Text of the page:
Cognitive and neuroeducational pedagogy in science lessons: teachers’ and pupils’ experiences

UCL Institute of Education, University of London, United Kingdom

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This thesis aims to contribute to a bidirectional exchange of ideas and information between practising educationalists and cognitive neuroeducational researchers, as progress thus far has been disappointingly limited; neuroscientists are wary about informing education before findings have been validated, and in the meantime pseudoscientific ‘neuromyths’ and commercial programmes based on unsupported claims (‘brain gym’ for example) have bloomed. Findings from this study investigated teachers’, and their pupils’, understandings of and views about cognitive neuroeducational research, and explored their experiences of using cognitive neuroeducational pedagogy in science teaching.

This study employed a mixed methods approach. After preliminary interviews with eight teachers, four volunteered to each use a different cognitive neuroeducational pedagogical approach: cognitive load theory (CLT), cognitive acceleration through science education (CASE), brain targeted teaching (BTT) and ‘Research-based strategies to ignite student learning’. Within an action research framework, lessons were observed, collaboratively planned with teachers, and at the end of each action research cycle focus-group interviews with pupils and individual interviews with teachers were carried out. Findings informed the next cycle. Data analysis used Guskey’s four-stage CPD model of successful teacher change.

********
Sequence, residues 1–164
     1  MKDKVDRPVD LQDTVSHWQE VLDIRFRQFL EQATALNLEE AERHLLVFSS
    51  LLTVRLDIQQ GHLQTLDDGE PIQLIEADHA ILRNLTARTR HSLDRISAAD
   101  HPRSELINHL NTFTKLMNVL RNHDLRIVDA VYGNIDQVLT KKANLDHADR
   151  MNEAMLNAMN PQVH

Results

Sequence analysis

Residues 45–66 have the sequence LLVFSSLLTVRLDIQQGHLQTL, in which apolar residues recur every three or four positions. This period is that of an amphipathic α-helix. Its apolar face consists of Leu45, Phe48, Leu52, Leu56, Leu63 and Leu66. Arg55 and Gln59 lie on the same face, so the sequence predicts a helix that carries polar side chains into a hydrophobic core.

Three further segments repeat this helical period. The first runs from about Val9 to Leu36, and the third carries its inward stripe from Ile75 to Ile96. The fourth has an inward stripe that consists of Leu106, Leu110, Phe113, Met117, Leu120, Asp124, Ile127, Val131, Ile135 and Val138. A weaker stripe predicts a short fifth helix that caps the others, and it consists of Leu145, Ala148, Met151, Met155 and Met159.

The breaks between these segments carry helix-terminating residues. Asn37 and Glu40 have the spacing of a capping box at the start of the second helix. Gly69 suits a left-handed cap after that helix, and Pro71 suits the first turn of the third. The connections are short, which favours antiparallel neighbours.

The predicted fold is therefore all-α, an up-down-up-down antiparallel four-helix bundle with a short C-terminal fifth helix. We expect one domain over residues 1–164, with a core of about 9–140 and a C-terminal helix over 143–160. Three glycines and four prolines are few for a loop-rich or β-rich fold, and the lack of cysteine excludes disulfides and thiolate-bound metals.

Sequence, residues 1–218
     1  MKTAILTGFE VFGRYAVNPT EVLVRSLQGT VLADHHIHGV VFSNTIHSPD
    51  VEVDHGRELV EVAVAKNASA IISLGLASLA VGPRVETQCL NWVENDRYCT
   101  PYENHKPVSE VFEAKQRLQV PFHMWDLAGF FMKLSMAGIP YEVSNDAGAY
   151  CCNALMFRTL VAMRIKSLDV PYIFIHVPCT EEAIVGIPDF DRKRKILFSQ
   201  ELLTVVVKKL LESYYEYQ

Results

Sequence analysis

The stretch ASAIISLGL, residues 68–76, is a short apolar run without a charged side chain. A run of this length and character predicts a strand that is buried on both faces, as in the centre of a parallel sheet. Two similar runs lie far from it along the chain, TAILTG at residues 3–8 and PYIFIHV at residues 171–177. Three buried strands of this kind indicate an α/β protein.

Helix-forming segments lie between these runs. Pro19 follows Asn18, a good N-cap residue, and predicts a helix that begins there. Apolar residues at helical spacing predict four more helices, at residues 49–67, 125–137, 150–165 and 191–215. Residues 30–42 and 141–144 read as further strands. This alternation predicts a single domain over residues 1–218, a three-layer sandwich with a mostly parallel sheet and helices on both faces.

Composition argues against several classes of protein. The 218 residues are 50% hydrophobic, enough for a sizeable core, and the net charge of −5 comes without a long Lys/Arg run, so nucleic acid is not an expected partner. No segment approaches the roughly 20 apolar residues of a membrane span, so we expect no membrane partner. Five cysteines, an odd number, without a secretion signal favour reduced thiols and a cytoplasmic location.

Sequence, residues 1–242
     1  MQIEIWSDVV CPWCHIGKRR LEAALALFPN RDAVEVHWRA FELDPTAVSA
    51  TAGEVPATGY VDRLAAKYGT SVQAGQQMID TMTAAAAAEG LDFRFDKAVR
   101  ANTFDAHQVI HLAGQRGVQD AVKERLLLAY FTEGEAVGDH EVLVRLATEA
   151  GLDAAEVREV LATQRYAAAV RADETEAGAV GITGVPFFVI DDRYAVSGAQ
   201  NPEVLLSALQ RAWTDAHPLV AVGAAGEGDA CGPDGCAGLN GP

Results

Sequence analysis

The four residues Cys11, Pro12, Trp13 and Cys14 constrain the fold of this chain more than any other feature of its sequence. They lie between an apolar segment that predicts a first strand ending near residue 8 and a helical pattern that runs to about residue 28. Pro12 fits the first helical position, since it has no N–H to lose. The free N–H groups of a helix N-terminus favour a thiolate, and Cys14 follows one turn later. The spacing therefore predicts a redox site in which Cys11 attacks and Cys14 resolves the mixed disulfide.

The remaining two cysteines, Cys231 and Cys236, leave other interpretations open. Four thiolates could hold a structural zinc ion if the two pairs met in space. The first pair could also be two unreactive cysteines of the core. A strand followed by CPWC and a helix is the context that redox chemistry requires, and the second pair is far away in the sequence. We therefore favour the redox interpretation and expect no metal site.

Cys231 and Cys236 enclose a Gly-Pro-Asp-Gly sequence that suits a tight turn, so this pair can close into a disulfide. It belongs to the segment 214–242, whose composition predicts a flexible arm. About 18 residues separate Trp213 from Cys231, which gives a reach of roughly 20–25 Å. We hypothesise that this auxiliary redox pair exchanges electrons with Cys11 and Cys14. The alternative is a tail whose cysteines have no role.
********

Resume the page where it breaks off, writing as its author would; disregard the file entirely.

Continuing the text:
Participant teachers did not base their existing practice on cognitive neuroeducational research to any great extent due to lack of access, communication and trust between education and cognitive neuroscience and the absence of a forum to share ideas and experiences. However, success when using the pedagogical approaches caused changes in all four participatory teachers’ beliefs, although the degree of change differed. As well as learning new techniques, teachers gained confidence from the provision of scientific explanations as to why their existing practice was successful. Criticism of inquiry-based learning was found to be unfounded. All four teachers said that they would continue to use the techniques in the following academic year.


Rebecca Torrance Jenkins
Department of Curriculum
Pedagogy and Assessment
UCL Institute of Education
University of London, UK.
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Phone (+44) 7876502233

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